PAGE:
where ƒ is a smooth function on [−1, 1] and α, β > −1. The interval [−1, 1] can be replaced by any other interval by a linear transformation. Thus, Gauss–Jacobi quadrature can be used to approximate integrals with singularities at the end points. Gauss–Legendre quadrature is a special case of Gauss–Jacobi quadrature with α = β = 0. Similarly, the Chebyshev–Gauss quadrature of the first (second) kind arises when one takes α = β = -0.5 (+0.5). More generally, the special case α = β turns Jacobi polynomials into Gegenbauer polynomials, in which case the technique is sometimes called Gauss–Gegenbauer quadrature.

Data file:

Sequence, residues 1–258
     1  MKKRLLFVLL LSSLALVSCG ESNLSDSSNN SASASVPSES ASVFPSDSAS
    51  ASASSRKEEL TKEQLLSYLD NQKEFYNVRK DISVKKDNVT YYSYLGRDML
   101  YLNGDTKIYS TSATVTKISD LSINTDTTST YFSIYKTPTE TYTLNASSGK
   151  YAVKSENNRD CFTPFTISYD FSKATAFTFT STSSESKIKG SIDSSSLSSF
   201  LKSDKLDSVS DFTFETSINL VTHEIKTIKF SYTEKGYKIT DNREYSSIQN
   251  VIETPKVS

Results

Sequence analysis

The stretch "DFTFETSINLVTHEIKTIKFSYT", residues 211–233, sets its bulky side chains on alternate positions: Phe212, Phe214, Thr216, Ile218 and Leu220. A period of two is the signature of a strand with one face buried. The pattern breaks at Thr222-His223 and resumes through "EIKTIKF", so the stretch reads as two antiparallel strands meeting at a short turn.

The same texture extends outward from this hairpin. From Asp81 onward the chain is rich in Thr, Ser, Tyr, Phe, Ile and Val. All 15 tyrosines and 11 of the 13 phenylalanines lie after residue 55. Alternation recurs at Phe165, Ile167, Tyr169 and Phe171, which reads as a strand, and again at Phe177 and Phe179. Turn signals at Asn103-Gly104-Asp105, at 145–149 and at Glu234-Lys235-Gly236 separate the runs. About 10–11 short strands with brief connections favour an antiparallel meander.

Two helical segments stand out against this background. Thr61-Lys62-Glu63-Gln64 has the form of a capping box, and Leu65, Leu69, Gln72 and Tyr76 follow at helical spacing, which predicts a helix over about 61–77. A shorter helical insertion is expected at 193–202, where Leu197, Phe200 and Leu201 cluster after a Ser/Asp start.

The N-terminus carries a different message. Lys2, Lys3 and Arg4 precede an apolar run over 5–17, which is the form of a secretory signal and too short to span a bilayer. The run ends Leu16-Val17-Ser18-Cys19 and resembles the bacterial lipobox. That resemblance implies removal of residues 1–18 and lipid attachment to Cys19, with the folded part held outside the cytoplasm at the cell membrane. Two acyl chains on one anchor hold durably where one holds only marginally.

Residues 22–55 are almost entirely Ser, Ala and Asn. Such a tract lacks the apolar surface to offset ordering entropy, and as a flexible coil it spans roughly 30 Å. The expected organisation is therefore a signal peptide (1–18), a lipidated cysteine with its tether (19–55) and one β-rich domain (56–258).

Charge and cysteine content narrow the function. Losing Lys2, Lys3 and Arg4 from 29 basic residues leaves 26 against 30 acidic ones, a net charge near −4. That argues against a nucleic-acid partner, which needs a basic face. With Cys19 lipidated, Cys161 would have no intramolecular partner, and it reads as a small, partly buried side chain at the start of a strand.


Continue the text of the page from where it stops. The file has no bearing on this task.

Gauss–Jacobi quadrature uses ω(x) = (1 − x)α (1 + x)β as the weight function. The corresponding sequence of orthogonal polynomials consist of Jacobi polynomials. Thus, the Gauss–Jacobi quadrature rule on n points has the form
where x1, …, xn are the roots of the Jacobi polynomial of degree n. The weights λ1, …, λn are given by the formula
where Γ denotes the Gamma function and P(α, β)
n(x) the Jacobi polynomial of degree n.
- Rabinowitz, Philip (2001), "§4.8-1: Gauss–Jacobi quadrature", A First Course in Numerical Analysis (2nd ed.), New York: Dover Publications, ISBN 978-0-486-41454-6.